Grey nurse sharks ‘Missing in Action’

It’s not often that people actively seek out sharks, but that’s exactly what this team of researchers are doing, thanks to a project in Australia dedicated to uncovering the secrets of a diminishing grey nurse shark (GNS) population.

The Missing in Action research project forms part of a larger marine incentive known as Grey Nurse Shark Watch. Launched in Queensland earlier this year, Grey Nurse Shark Watch is the first of its kind to collect and collate results on the population and behaviours of the Endangered grey nurse shark shark species.

Missing In Action forms the field investigation component of the broader GNS Watch project. The population of GNS off the east coast of Australia is considered Critically Endangered with less than a thousand sharks left in the wild. Hunted almost to extinction in the 1950s, the GNS only breeds once every two to three years. This combined with their low population numbers and other threats such as accidental capture by fishers and protective beach meshing continue to impact on recovery efforts for the ferocious-looking but gentle giant.

Project partner Australia Zoo have assisted the first team of researchers to begin investigating Queensland’s ‘missing’ aggregation sites – where the sharks meet to breed, feed and gestate, by generously donating the use of their world-famous vessel Croc One to the project.

Croc One Photo: Australia Zoo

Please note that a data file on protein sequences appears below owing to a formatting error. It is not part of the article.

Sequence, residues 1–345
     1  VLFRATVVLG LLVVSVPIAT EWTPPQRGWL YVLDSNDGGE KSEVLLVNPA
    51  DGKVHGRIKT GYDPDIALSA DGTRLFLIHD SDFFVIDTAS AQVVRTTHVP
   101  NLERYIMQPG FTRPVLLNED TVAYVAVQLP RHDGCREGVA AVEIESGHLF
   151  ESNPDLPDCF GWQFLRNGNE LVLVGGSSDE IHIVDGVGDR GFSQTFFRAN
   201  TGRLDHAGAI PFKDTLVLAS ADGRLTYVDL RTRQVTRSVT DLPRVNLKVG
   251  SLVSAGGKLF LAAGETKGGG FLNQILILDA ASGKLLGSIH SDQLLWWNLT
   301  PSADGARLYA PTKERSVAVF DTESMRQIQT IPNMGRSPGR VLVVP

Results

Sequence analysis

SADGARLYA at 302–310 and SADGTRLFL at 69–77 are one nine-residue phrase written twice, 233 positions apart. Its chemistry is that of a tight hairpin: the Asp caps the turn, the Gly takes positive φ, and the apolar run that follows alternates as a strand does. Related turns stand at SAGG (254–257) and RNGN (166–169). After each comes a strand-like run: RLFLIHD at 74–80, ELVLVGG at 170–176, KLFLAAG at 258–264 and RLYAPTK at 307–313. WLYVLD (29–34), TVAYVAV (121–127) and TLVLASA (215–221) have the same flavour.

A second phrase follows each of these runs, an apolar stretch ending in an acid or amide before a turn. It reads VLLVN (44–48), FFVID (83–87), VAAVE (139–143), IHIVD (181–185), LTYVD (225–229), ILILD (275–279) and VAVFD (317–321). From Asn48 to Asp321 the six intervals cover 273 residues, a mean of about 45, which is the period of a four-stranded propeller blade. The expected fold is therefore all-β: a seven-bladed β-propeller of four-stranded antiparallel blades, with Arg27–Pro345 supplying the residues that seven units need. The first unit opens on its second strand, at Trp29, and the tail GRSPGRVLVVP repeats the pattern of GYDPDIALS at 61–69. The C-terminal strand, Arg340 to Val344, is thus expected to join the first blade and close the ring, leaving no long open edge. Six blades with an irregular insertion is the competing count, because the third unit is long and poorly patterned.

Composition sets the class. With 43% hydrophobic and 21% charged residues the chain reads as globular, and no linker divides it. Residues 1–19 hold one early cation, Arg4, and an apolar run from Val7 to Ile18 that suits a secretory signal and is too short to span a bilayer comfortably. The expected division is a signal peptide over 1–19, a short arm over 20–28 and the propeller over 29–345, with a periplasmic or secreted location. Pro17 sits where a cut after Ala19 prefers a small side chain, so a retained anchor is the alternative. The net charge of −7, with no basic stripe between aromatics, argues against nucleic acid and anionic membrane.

Without the use of Croc One and its highly specialised crew, this marine environment would be virtually impossible to navigate.

Wes Mannion, Director of Australia Zoo said, “This vessel was designed by Steve Irwin himself. It’s a 75 foot, purpose built craft, guaranteed to deliver the ultimate in performance during wildlife expeditions. This deep probe expedition boat gives us the chance to research marine wildlife in remote locations, which makes it ideal for the work being carried out by Fauna & Flora International (FFI) and Grey Nurse Shark Watch. Australia Zoo has a long-standing and very close relationship with FFI and we are pleased to offer our equipment and expertise to them.”

The first research expedition departed on 7 November and will continue through December 2011. Researchers are confident further aggregation sites are still to be located in Queensland waters.

Following an extensive Geographical Information Systems (GIS) review of potential sites, 25 locations were selected for the first round of field investigations with the field team deploying remote underwater video cameras and acoustic listening stations from Guthrie Shoal, Bustard Head and Lady Elliot Island near Gladstone, Fraser Island, the Sunshine Coast and south to Moreton Bay.

Jack Whelan FFI Australia Executive Director said, “We are grateful to all our partners for their support of this programme. It demonstrates a real commitment, not only to increasing our knowledge about the grey nurse shark, but ultimately conserving them.”

The project is a massive exercise in logistics – not only with vessels, equipment, researchers and volunteers, but in terms of funding and supporters.

To undertake this exercise FFI are being assisted by the University of Queensland, Queensland Department of Environment and Resource Management, the Burnett Mary Regional Group for NRM, Reef Check Australia, Australian Capital Equity, the Ronald Geoffrey Arnott Foundation (managed by Perpetual Trustees Australia Ltd), Lady Elliot Eco Resort and Australia Zoo.

Jack concluded, “There is no doubt that a collaborative approach is essential to ensure the success of this research.  Catalysing local partnerships has been at the heart of FFI conservation activities for over a hundred years.”